Work Redesign and Taylorism

The main design principle of modern formal organisations-central to which is a hierarchical structure of authority in which specialized office holders fulfil specified responsibilities according to codified rules and procedures. This process involved a more calculated way of thinking and led to the rapid development of scientific and technological thinking and with regard to work organisation it was felt that by careful calculating the most appropriate way of achieving tasks could be set and the efforts of large numbers of people could be co-ordinated and controlled and large and complex jobs done.

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Taylor’s scientific management principles are still in evidence here and in the USA. The fast food restaurant is a prime example of principles of industrial manufacturing being applied to service work. Labour in such restaurants is ‘highly rationalised’ and the goal is the discovery of the best, the most efficient way of grilling a hamburger, frying chicken or serving, Ritzer (1993). As Ritzer comments McDonalds, the best known fast food business did not invent these ideas but combined them with the principles of the assembly line, to contribute to the ‘creation of mcdonaldization’.

Beymon (1992) claims that industrial manufacturing principles of mechanisation, rationalisation and routinization are applied not only to fast food service work but also to banking, retailing and other services. From my own experiences of working in a fast food restaurant I would say that Taylor’s principles are very much still in use but that there is not much evidence of any kind of job enrichment for the employee, you would work where you were told And wouldn’t leave that station until you were told which didn’t make it a very good place to work. Conclusions and Summary:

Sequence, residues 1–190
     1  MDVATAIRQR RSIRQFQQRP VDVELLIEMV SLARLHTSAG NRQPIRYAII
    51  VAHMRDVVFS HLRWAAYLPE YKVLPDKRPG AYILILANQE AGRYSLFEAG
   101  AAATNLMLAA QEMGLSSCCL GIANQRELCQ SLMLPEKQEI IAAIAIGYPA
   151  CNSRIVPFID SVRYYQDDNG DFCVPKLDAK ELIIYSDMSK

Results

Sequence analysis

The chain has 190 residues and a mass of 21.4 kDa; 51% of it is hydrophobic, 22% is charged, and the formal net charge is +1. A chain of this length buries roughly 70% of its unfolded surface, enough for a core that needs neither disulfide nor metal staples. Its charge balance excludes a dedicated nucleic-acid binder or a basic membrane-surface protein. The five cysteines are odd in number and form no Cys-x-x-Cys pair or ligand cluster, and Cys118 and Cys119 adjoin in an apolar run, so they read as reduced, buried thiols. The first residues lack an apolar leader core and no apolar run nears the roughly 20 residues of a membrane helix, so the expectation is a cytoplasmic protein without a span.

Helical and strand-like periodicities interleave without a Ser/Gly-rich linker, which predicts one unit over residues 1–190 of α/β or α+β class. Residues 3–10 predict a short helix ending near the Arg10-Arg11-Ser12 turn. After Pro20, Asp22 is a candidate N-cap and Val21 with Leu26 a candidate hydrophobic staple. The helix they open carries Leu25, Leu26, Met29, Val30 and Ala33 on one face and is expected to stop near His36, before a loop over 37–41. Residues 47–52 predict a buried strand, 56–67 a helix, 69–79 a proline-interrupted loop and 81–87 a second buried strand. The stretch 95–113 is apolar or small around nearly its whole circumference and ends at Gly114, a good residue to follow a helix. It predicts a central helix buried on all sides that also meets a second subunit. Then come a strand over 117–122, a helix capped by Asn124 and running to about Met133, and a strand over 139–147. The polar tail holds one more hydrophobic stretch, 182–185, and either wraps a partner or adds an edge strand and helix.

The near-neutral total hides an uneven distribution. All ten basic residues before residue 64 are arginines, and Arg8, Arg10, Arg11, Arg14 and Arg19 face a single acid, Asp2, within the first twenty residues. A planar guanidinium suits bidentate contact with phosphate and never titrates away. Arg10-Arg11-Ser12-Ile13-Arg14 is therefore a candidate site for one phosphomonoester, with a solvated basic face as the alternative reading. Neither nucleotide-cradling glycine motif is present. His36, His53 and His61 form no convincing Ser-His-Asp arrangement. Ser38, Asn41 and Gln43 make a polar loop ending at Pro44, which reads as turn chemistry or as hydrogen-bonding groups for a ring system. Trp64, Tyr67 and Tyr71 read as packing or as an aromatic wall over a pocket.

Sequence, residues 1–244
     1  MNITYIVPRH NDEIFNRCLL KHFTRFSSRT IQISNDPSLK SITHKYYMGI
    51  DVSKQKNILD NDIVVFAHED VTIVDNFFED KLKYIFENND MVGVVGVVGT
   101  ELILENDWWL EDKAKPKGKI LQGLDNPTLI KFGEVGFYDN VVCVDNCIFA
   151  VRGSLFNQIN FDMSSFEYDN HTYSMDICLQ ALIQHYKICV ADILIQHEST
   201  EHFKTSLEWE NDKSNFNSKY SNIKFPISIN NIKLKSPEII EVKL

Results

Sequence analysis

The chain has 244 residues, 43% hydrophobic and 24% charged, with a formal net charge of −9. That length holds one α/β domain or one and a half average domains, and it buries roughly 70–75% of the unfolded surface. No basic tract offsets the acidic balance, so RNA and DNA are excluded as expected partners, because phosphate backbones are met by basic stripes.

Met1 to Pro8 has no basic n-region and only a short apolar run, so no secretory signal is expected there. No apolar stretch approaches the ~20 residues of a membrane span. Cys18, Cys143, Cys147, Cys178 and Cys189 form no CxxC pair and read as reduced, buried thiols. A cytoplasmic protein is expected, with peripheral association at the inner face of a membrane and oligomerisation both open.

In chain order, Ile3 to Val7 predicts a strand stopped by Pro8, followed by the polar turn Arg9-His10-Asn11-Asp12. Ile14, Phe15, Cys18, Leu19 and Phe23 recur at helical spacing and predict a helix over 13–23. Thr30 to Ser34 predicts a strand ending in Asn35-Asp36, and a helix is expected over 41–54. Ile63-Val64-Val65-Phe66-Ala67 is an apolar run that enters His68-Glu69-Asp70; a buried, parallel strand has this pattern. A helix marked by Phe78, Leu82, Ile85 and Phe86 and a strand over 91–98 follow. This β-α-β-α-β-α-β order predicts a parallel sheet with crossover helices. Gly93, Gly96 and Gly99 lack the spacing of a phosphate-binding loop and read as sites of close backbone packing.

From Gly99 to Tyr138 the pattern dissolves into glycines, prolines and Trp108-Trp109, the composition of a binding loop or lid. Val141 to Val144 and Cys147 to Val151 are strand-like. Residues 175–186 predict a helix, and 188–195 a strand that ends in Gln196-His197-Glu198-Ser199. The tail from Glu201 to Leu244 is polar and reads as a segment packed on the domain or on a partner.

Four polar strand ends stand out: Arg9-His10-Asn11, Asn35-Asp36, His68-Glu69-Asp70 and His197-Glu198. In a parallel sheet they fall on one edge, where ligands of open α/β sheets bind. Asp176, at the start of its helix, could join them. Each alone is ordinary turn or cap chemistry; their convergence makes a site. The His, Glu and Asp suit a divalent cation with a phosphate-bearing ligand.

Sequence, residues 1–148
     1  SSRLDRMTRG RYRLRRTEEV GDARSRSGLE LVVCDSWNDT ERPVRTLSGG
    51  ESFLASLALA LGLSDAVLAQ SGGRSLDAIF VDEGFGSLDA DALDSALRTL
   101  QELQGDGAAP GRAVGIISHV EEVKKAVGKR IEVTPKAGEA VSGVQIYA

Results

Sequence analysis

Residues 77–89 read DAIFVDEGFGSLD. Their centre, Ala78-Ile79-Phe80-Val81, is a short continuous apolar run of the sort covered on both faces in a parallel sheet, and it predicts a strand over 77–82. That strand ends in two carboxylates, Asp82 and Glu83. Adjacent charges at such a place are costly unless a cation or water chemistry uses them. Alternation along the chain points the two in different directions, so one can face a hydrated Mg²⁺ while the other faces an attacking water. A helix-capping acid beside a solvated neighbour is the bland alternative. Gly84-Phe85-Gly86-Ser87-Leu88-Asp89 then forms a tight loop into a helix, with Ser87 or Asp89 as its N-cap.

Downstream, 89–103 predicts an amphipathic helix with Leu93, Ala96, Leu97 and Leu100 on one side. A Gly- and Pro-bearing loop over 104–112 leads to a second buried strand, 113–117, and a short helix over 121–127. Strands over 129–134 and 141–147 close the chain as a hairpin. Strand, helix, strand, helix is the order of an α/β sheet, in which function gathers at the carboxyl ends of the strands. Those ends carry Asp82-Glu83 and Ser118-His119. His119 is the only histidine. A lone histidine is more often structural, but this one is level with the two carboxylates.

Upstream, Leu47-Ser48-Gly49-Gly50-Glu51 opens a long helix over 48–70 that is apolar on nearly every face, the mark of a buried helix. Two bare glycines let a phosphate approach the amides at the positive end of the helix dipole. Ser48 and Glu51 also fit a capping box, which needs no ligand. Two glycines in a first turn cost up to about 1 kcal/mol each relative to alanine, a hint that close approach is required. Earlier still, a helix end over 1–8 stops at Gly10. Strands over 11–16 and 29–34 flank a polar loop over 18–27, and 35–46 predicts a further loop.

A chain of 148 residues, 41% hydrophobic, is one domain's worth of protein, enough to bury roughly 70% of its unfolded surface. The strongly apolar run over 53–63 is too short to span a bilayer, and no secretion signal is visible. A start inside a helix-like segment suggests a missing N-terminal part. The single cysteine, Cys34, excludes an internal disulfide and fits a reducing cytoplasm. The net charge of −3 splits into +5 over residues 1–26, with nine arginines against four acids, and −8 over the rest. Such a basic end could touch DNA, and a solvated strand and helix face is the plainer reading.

The practise of job design or redesign during the last half century has developed on the basis of theories of scientific management and/or human relations. Although redesigning jobs could be seen as beneficial to the employee I believe from a managerial point of view it is only done to achieve higher labour productivity.

References: Books David Knights (1985) Job Redesign (Gower Publishing Aldershot) Ivan T Robertson (1985) Motivation and Job design (Pitman publishing London) Mike Southon (2002) The beermat entrepreneur (Pearson publishers London) Tony J Watson (1995) Sociology work and industry (Routledge & Kegan Paul Ltd London).